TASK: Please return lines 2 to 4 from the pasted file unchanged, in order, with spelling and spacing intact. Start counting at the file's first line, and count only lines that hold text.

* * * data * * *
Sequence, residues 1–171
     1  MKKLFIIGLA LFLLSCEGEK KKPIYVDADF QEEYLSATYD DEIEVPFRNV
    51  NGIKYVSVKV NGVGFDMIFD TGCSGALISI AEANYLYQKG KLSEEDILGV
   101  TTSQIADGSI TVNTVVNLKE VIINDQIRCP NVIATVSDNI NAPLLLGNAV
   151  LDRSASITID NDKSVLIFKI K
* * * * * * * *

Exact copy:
     1  MKKLFIIGLA LFLLSCEGEK KKPIYVDADF QEEYLSATYD DEIEVPFRNV
    51  NGIKYVSVKV NGVGFDMIFD TGCSGALISI AEANYLYQKG KLSEEDILGV
   101  TTSQIADGSI TVNTVVNLKE VIINDQIRCP NVIATVSDNI NAPLLLGNAV